> >
          > > Hopefully this makes more sense now. These are the tea sets I would
          > > be making...which isn't EXACTLY a set, per se, but I would make the
          > > tea bowls and a matching tea pot. Tea bowls would be period, tea pot
          > > I haven't found much documentation in Japan on tea pots, per se.
          > >
          > > --Raku
          > >
          > >
          > >
          > > UNSUBSCRIBE: E-mail sca-jml-unsubscribe@yahoogroups.com
          > >
          > > Your use of Yahoo! Groups is subject to http://docs.yahoo.com/info/terms/
          > >
          > >
          > >
          > >
          >
          >
          > UNSUBSCRIBE: E-mail sca-jml-unsubscribe@yahoogroups.com
          >
          > Your use of Yahoo! Groups is subject to http://docs.yahoo.com/info/terms/
        • Barbara Nostrand
          Noble Cousin! Greetings from Solveig! A rather wide variety of bowls have been used for tea. What I was talking about was tea sets . The closest thing that
          Message 4 of 26 , Oct 3, 2001
            Noble Cousin!

            Greetings from Solveig! A rather wide variety of bowls have been used
            for tea. What I was talking about was "tea sets". The closest thing
            that comes to that is various all in one affairs where you transport
            the various tea implements in some sort of box such as a tabidansu
            or a more limited collection of implements in a chabako. However, this
            sort of arrangement is not of the same sort of fixed everything matches
            nature that the phrase "tea set" conjures up in my mind. The closest to
            that in the tea ceremony is various bronze utensils used in conjunction
            with a daisu. However, these do not have matching tea bowls. This sort
            of tea usually uses a tenmokujawan.

            Your Humble Servant
            Solveig Throndardottir
            Amateur Scholar
            --
            +---------------------------------------------------------------------+
            | Barbara Nostrand, Ph.D. | Solveig Throndardottir, CoM |
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          • Barbara Nostrand
            Noble Cousins! Greetings from Solveig! Jumping in as predicted. About sake. What we use in the sake ceremony (yes there is a sake ceremony) looks more like a
            Message 5 of 26 , Oct 3, 2001
              Noble Cousins!

              Greetings from Solveig! Jumping in as predicted. About sake. What we
              use in the sake ceremony (yes there is a sake ceremony) looks more like
              a small cast iron tea pot with either a ceramic or iron lid. The sake
              is poured into what looks like a lacquer saucer.

              Your Humble Servant
              Solveig Throndardottir
              Amateur Scholar
              --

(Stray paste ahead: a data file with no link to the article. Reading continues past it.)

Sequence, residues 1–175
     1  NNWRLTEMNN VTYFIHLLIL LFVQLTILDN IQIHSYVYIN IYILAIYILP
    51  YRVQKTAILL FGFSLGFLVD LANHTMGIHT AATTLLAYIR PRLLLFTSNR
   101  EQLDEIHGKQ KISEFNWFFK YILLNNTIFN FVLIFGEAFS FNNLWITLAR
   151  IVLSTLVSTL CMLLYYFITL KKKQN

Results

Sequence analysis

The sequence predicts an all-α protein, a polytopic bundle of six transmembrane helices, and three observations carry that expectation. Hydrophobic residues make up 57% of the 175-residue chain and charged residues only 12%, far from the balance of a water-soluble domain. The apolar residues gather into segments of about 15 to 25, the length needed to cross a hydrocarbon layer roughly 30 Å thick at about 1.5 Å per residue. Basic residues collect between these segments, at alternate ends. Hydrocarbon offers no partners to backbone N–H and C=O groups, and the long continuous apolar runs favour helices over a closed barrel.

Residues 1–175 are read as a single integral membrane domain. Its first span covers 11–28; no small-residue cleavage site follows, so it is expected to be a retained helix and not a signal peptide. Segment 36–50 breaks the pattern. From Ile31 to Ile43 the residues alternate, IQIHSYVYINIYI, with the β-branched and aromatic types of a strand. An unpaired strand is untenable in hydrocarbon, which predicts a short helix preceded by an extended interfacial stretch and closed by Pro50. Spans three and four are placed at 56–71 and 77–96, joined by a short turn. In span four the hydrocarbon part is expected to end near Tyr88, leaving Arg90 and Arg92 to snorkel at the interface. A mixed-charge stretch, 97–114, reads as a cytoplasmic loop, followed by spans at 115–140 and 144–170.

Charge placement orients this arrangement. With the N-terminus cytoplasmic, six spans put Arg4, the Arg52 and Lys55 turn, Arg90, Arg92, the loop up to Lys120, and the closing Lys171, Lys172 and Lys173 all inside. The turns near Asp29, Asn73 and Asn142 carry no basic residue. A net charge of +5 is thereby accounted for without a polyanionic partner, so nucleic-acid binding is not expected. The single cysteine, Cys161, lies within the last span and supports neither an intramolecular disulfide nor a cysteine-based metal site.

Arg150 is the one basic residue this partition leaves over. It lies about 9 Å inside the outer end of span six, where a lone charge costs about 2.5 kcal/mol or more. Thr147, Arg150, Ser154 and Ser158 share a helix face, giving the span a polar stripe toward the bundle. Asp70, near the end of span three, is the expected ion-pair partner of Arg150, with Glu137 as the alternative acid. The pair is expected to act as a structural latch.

+---------------------------------------------------------------------+
              | Barbara Nostrand, Ph.D. | Solveig Throndardottir, CoM |
              | deMoivre Institute | Carolingia Statis Mentis Est |
              | mailto:nostrand@... | mailto:bnostran@... |
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            • Barbara Nostrand
              Noble Cousins! There are some things which have been traditionally matched in some instances. For example, you can have a matched tea bowl, dish rag holder,
              Message 6 of 26 , Oct 3, 2001
                Noble Cousins!

                There are some things which have been traditionally matched in some
                instances. For example, you can have a matched tea bowl, dish rag
                holder, and tea holder made out of ceramic. Also, you could
                have matching incense holder, tea whisk holder, and tea holder made
                out of lacquerware. This sort of set exists. Another sort of set
                consists of matching bronze water jar, implement holder/flower vase,
                and waste water container. However, I have not seen a combination
                of these various sets.

                Your Humble Servant
                Solveig Throndardottir
                Amateur Scholar
                --
                +---------------------------------------------------------------------+
                | Barbara Nostrand, Ph.D. | Solveig Throndardottir, CoM |
                | deMoivre Institute | Carolingia Statis Mentis Est |
                | mailto:nostrand@... | mailto:bnostran@... |
                +---------------------------------------------------------------------+
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              • Munson, Eric
                ... I am familiar with both of these, but I was trying to describe the ceramic jars that were used, perhaps for less formal occasions. Sorry to it this way,
                Message 7 of 26 , Oct 4, 2001
                  > ----------